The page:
Heidi Richardson Evans headed to the walk-in clinic seeking relief for a nasty case of bronchitis.
She walked away with the answer to a question she'd been asking almost her entire life - a name or something to explain the set of physical traits she possessed that she believed were connected.
The most obvious is the malformed right arm that ends near her elbow. But there are others. Heidi was born with an extra kidney. She had reproductive abnormalities that had to be corrected with surgery. The whites of her eyes have a blue tinge. She has tiny cataracts, and she has scoliosis that causes debilitating pain.
No doctor ever connected all of these anomalies, until the doctor walked into the treatment room at the clinic this past April, looked at Heidi and asked, "Phocomelia?"
Heidi was confused. The doctor, a handsome dark-skinned man who spoke with an accent, looked back with surprise that she hadn't heard the term before.
Together, they Googled "phocomelia syndrome" on his iPhone. And Heidi, 36, read over the list of symptoms the syndrome can include - yes, yes, yes, she ticked off.
Not only that, but she learned the genetic mutation that causes the syndrome has been pinpointed to an exact chromosomal location: 8p21.1. By some estimates, only a dozen babies are born with the syndrome each year.
Heidi recalls tearfully thanking the doctor.
"He was brilliant," she said.
Knowing the name for her genetic anomalies doesn't fix Heidi's back, give her a fully functioning arm or change anything about her physical being.
But in a way, it's like being an adopted child who always wondered about her family history. It's an answer.
And for the woman who became an accomplished artist and writer, it's provided a lesson in gratitude.
Because the more Heidi read, the more she realized it could have been worse.
Most babies born with phocomelia syndrome have mental impairments, often severe. Most have at least two limbs - or all four - affected.
In a piece Heidi wrote last month for the group weblog project at bandbacktogether.com, which focuses on health issues, she reflected on the diagnosis:
"My perspective does a dizzying 180: I have not lost the 'genetic lottery.' I am actually the luckiest person with phocomelia ever. It hurts a little to walk today, but I can walk. My IQ is high enough to be geeking out over genes and marveling at statistics. My face is pretty, unaffected. My spine - I get tears looking at the spines of these genetic lottery sisters - the spine that gets me so whiny/bitchy is so much better than it could be.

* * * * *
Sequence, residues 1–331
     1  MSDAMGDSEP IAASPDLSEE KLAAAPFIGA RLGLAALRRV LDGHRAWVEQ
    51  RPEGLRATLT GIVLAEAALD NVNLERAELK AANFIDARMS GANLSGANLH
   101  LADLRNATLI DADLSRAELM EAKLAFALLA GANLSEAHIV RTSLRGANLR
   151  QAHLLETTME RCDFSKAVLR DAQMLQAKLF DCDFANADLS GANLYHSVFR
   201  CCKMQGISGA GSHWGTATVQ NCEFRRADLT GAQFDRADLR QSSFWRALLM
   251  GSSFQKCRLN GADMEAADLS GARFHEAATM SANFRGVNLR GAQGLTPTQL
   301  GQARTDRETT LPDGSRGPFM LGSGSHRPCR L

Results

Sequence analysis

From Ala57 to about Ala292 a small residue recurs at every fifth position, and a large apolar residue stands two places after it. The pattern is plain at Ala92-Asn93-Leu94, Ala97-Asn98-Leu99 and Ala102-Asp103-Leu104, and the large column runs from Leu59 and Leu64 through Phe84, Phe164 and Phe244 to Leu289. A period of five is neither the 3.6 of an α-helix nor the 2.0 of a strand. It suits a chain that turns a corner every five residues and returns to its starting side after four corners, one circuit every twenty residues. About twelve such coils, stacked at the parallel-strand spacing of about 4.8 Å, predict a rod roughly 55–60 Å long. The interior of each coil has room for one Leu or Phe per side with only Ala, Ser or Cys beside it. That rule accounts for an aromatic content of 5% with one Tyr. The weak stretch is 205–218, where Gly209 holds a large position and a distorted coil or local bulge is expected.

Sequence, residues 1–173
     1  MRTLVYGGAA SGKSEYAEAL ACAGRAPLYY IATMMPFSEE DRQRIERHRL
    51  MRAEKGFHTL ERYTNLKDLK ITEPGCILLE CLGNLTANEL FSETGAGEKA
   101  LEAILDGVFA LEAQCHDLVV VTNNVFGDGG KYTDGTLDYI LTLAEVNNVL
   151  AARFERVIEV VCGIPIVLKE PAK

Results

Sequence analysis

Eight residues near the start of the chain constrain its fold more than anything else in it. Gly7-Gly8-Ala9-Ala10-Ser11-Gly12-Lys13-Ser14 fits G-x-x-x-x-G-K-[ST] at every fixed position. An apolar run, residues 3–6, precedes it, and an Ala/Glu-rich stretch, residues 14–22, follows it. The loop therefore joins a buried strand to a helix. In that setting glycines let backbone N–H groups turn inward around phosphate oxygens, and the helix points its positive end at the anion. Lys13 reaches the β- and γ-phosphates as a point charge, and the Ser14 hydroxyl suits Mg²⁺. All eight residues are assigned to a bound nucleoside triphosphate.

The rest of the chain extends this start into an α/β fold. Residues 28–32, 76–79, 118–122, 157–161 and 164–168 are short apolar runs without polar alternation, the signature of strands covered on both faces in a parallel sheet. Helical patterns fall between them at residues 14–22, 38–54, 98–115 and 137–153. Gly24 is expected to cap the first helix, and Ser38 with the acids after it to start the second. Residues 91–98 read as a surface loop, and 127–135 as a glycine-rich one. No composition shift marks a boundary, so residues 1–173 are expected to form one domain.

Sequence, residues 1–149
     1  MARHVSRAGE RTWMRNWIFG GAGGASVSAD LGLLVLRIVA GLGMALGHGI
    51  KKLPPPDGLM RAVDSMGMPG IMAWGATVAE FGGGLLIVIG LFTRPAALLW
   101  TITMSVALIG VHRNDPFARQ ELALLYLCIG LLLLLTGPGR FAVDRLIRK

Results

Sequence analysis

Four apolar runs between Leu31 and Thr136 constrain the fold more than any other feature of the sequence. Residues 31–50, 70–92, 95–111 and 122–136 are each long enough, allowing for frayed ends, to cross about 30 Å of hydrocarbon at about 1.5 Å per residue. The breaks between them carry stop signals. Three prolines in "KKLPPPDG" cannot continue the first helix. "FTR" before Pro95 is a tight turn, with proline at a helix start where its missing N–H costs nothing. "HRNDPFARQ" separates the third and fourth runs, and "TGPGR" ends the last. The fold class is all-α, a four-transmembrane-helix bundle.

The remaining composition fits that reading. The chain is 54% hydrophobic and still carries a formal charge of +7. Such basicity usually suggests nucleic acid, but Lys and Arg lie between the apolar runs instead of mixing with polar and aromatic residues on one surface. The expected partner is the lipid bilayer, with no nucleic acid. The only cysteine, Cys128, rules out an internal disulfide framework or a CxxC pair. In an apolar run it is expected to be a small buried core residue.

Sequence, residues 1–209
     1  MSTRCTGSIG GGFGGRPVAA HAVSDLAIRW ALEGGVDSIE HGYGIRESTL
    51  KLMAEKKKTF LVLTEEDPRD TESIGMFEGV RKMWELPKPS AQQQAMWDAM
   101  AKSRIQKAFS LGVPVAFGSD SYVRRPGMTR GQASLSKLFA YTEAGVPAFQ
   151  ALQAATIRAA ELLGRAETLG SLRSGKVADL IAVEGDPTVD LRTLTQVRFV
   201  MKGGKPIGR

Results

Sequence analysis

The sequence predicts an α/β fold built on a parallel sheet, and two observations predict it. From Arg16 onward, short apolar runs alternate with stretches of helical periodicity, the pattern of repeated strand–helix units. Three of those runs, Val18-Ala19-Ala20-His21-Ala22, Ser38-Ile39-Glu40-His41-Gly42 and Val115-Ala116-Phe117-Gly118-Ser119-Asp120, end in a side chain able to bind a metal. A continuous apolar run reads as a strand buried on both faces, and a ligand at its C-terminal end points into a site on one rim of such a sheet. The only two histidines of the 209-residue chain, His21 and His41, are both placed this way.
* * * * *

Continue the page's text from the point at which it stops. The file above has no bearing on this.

"My left hand skips over the keyboard and the little twinges of arthritis or carpal tunnel syndrome are a wonder. This hand, shaped exactly like my mother's, and sized exactly the same, is my focus.
"It feels like a treasure and waves of gratitude to the Universe/God/Goddess/Random Chance pour from me."
Vicky Richardson had not taken the morning sickness drug Thalidomide, which later was found to cause birth defects. In fact, she had taken no drugs during her pregnancy. She didn't smoke. She didn't consume alcohol.
Heidi said her parents told her that when she was born in April 1976, doctors at first wouldn't let Vicky or Ray Richardson see her. Her mother was terrified. What was wrong?
When they finally handed the blue-eyed baby girl to her, her mother breathed a sigh of relief.
"Is that all?"
Pam Whittinghill, Vicky's sister, recalls being at the hospital that day.
"The first time I saw her, she was maybe 15 minutes old, and the doctor let me go back to see her. Vicky had this little bundle. She opened up the little blanket and said, 'Oh, Pam, look at what we've got.'"
And they both stood there looking at the baby's beautiful blue eyes.
"That baby absolutely zinged me. Heidi and I have always been close," Pam recalled. Since Vicky died 11 years ago, she has considered herself a second mom.
"Her parents made the decision that 'if we don't tell her she's disabled, she won't be disabled - that was a word they never used," Pam said.
Ray said it may have started as a conscious decision, but his daughter got no special treatment because "she didn't need it."
"The fact of the matter is that Heidi's personality was such that she rarely asked for any accommodations. Mostly she figured out how to make do. She was tying her shoes, and her brother still wanted Velcro straps.
"About the only thing I did was switch the brake handles around on her bicycle. Her left hand, where her strength is, needed to be able to stop the back wheel and not the front," he said.
Heidi was raised in Dunbar, where one of her first memories related to her right arm is her mom helping her put on a coat over her cast. She'd had surgery on the malformed arm, to help make it more functional. Because of the surgery, which involved removing a tendon from her leg, she has pincer ability on that side.
"I remember them saying, 'God makes everyone different,' the things any good parents would say," she said.
Later in grade school, her scoliosis was diagnosed and doctors wanted to fit her with a corrective brace. Heidi refused - a decision she now regrets - and her parents didn't force the issue. She didn't want to be the kid with the weird arm and a brace.
Heidi said if she got picked on in school, it wasn't for her appearance but because "I was a brainy smart ass."
Friends expected her to be one of them.
At 17, when she balked at the idea of playing a game of pool, a boyfriend said, "Yes, you can. You can do everything."